The mechanics of power are complex and easily misunderstood. Modern English vocabulary on the subject does not help; it is often imprecise and equivocal (e.g. the word influence), lumps together different types of power (e.g. authority), and frequently conflates power and morality (e.g.
"My half-brother's code-key ring is not yours to trade," said Fell coldly.
"Oh, yes it is," said Mark. "I won it. I control it. I can destroy it. And"—he licked his lips; the girl raised the teacup again—"I paid for it. You would not now be offered this exclusive—and it is still exclusive—opportunity if not for me."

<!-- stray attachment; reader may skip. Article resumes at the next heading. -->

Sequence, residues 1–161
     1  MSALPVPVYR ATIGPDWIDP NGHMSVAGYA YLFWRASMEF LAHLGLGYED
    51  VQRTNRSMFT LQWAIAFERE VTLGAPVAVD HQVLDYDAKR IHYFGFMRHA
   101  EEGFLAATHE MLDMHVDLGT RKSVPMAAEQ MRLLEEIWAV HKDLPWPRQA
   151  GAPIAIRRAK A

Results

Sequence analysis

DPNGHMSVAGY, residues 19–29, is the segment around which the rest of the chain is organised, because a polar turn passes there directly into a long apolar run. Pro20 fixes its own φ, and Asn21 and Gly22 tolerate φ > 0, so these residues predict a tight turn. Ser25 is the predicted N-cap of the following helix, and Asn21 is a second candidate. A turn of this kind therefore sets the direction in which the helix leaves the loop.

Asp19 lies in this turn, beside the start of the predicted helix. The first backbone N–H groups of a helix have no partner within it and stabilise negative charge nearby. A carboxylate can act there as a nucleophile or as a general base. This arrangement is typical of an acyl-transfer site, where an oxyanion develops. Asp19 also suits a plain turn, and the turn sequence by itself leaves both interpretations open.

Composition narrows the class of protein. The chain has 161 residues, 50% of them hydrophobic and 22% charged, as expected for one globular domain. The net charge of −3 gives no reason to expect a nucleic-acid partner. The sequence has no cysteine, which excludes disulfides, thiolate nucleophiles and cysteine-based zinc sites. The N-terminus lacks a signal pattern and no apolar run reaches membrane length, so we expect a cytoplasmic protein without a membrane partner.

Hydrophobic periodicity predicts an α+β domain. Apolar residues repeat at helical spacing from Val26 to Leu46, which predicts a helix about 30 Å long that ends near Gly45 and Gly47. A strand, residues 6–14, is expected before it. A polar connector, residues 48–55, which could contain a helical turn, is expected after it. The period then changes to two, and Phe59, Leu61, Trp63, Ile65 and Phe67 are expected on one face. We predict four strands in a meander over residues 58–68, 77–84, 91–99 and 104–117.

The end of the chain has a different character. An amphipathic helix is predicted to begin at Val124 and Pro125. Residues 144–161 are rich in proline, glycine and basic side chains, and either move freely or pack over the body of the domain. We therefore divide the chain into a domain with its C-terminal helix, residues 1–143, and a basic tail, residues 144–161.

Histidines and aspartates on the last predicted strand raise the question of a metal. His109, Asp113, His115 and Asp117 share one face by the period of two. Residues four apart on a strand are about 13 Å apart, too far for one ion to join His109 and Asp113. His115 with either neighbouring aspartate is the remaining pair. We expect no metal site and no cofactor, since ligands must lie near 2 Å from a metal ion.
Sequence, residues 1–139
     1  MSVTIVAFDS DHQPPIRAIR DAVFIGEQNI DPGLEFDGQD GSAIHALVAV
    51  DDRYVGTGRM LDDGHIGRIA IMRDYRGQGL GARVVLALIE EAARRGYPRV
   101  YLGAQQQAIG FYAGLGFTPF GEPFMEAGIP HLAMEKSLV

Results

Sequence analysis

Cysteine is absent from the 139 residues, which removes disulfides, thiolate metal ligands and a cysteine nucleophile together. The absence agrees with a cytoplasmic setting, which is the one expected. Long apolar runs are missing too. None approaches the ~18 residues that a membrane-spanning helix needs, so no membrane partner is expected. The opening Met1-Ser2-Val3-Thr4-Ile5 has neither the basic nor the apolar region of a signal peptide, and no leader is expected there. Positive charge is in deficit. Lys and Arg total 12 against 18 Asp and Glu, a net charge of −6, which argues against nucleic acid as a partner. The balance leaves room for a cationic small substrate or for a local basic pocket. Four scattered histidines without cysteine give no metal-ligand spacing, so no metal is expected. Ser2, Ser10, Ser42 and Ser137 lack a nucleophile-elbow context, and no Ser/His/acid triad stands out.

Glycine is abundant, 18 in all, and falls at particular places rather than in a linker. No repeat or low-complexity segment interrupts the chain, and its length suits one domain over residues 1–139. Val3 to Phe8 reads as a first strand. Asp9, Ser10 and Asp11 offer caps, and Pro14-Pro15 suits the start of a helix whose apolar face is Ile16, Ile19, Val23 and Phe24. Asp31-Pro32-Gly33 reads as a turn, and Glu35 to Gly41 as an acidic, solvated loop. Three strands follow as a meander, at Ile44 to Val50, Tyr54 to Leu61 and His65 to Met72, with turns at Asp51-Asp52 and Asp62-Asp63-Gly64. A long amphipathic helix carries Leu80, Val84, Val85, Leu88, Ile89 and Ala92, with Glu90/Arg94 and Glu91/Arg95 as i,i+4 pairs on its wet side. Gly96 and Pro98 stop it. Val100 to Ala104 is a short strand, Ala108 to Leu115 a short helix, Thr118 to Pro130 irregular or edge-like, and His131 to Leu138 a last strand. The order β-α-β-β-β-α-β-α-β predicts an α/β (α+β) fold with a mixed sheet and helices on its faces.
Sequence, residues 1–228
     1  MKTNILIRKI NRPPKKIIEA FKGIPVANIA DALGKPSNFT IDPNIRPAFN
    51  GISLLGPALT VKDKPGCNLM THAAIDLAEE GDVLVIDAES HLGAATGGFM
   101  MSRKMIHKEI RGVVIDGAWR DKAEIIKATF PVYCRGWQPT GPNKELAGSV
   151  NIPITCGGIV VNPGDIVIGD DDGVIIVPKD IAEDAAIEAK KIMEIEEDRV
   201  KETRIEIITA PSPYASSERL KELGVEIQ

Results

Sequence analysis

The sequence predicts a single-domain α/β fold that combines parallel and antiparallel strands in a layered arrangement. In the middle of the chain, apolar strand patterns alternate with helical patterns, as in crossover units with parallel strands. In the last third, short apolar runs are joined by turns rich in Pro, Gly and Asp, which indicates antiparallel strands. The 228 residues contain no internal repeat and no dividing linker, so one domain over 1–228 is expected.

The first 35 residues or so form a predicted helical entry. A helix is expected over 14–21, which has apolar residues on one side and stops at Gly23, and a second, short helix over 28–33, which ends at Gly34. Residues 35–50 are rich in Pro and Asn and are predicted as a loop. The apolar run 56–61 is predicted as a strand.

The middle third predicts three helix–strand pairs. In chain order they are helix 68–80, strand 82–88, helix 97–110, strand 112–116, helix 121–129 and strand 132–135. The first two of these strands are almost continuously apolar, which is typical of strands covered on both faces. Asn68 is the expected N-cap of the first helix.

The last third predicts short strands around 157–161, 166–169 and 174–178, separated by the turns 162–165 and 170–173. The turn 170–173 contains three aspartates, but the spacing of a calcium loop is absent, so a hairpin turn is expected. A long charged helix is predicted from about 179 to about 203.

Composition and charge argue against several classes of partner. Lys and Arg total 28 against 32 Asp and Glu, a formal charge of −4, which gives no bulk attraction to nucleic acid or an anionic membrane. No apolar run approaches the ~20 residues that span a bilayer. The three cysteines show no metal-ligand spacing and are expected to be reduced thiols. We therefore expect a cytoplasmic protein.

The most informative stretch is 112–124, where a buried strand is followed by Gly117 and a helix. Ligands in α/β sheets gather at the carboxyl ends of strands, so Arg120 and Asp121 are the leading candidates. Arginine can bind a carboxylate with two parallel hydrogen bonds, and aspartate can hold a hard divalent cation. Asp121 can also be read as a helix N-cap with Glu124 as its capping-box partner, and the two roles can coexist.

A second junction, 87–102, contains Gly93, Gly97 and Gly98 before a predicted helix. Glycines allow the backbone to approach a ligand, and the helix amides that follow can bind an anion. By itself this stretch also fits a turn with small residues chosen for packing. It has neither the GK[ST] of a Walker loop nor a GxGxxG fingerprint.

from Bujold, Lois McMaster. Mirror Dance (Vorkosigan Saga) (Miles Vorsokigan Book 8) . Kindle Edition.
The "I can destroy it" more or less sums up imperium I think. But he is enumerating the four words there. He has legitimacy to speak for it through "winning it" and also "paying for it". He has control, which I interpret as a combination of potestas and dignitas.
As for auctoritas? Fell is basically a space pirate, so there's an inherent problem there. But he does acknowledge Mark's power after this speech by offering for the ring, so he does have some recognition of the concept.